Plus, the addition of Vanadium serves to refine the grain structure of the steel which enables it to take and hold a fine edge like stainless steels but without the brittleness that some stainless steel exhibit.

Thus, the KA-BAR Big Brother Bowie is definitely well suited for the specific purpose of wilderness survival but, it would also make an excellent camp and trail knife.

In addition, the Clip Point blade shape places the tip of the blade closer to the center line of the knife for greater control when using the tip of the knife to perform precision cutting tasks and, the classic Clip Point Bowie design provides plenty of straight cutting edge for carving, plunge cutting, and slicing, while the clip tends to lighten the tip of the knife for better control and the moderate belly on the sweep is perfect for chopping while the Saber Grind prevents it from binding in green wood.

Also, the spine of the blade features a relatively long, serrated, section that appears as if it could serve as a saw in a pinch but would certainly be effective at cutting cord, rope, or nylon tape.

Furthermore, the 3/16″ spine combined with a medium Rockwell Hardness of 56-58 enables it to easily withstand the shock generated by chopping and/or using a baton to split saplings for use in making an Atlatl or a Self Bow for hunting as well as the lateral forces generated by splitting lathes for weaving baskets to use as fish or bird traps.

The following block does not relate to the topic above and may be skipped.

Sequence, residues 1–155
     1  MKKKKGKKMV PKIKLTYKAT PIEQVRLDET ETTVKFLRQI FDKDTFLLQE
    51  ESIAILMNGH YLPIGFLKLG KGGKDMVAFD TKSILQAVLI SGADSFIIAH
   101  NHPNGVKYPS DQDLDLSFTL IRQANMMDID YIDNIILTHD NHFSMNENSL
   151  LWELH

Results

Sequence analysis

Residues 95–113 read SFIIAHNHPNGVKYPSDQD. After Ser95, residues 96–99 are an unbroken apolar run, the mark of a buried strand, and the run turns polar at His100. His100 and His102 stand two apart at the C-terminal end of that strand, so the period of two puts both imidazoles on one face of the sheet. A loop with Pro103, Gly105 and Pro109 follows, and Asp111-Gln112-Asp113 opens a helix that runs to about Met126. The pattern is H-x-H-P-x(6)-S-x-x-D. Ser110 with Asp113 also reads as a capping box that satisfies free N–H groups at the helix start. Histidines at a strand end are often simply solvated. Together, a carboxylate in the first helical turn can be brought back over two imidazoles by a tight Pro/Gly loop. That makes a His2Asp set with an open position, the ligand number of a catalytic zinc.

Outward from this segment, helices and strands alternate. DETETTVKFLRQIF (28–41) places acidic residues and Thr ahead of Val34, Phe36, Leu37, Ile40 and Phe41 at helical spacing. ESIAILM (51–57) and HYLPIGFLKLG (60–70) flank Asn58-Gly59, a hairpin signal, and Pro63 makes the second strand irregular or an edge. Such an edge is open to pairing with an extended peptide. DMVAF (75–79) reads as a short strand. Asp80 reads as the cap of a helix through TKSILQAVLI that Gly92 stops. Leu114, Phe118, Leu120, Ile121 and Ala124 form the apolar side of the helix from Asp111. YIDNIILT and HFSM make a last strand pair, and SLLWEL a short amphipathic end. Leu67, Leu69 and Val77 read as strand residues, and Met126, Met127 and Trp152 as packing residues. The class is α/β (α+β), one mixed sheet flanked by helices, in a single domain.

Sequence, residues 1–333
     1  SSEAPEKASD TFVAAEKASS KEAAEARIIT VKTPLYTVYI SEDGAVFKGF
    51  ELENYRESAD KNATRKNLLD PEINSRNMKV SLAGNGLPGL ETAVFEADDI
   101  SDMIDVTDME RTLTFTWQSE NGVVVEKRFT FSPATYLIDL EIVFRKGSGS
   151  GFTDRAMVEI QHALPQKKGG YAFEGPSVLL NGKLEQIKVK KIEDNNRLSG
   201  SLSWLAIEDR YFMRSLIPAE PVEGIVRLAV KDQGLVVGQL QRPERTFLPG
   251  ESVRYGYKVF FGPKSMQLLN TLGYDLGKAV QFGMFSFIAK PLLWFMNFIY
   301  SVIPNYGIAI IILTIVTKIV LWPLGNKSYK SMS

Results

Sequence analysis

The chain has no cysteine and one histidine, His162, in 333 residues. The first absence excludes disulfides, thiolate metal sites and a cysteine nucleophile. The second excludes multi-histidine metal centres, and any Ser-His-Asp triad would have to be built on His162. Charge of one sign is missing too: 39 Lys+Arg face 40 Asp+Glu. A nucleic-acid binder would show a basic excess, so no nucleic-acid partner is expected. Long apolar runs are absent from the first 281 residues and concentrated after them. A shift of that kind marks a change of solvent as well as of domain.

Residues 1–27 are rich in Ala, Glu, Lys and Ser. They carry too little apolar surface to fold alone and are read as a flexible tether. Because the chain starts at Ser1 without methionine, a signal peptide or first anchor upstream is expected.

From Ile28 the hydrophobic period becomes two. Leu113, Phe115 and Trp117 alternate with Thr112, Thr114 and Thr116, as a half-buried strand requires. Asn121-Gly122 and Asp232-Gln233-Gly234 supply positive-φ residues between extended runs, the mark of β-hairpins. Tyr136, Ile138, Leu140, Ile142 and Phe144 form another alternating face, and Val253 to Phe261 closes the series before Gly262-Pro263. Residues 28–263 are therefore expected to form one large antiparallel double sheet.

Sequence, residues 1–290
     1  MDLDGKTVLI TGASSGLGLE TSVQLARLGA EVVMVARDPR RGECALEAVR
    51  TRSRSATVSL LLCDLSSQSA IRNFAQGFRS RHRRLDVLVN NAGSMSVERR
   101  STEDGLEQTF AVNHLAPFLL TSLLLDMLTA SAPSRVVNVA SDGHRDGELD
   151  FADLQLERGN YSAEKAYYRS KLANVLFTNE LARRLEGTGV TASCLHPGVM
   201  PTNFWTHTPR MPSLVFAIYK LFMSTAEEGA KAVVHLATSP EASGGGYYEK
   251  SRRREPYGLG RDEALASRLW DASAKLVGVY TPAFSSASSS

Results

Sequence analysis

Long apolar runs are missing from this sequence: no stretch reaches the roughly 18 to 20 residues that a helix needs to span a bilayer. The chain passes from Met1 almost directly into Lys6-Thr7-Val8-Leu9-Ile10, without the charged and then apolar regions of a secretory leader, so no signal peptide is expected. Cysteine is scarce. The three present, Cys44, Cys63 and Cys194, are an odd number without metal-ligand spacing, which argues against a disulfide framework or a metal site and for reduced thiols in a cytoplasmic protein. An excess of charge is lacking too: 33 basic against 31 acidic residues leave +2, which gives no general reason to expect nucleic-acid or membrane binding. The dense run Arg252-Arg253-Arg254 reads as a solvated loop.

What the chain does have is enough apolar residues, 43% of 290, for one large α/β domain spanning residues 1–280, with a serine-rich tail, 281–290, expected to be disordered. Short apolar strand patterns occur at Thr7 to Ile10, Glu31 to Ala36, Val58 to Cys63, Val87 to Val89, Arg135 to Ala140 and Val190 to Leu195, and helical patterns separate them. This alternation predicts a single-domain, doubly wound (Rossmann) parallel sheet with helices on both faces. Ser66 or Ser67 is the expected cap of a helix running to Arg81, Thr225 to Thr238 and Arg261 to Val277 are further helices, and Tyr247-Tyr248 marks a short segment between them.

Plus, the handle features powder coated, double, steel quillions to prevent the users hand from accidentally sliding forward onto the blade and a highly ergonomic, oval, overmolded, handle with a Kraton rubber coating and deeply radiused grooves make the knife very comfortable to use and also provide a very positive grip while alleviating some of the shock generated by chopping wood while the metal pommel could be used as a makeshift hammer in a pinch.

Consequently, not only is the KA-BAR Kraton Handled Big Brother Bowie an aesthetically pleasing knife with its massive, traditionally shaped, Clip Point Bowie blade, it is also a very tough knife that will stand up to most any task the user might ask of it in an outdoor survival situation.

 

RTAK II Survival Knife Review

Ontario Knife Company is a venerable, old, and well known knife company that was founded in Naples, New York, in 1889 by three men, William B. Ensworth, Charles Albert Brace and William Maudsley, who derived the name of the company from Ontario County where Naples lived.

Their early knives were hand-manufactured on a water-powered grindstone and sold tinker-style from a pushcart throughout the neighboring countryside and consequently, due to their face-to-face relationship with their customers, OKC has built its considerable reputation on its heritage of uncompromising craftsmanship, quality materials and components, and a steadfast commitment to its workforce.

The OKC RTAK II survival knife features an overall length of 17″ with an 10 1/2″ Drop Point, flat ground, blade made from 0.2” thick, 5160, high carbon tool steel hardened to 54-56 Rockwell with a “foliage green” powder coat finish to help prevent corrosion. In addition, it features full tang construction and tan, canvas Micarta, handle scales with an exposed “glass breaker” tang at the pommel and it includes a black, MOLLE compatible, nylon/Kydex sheath.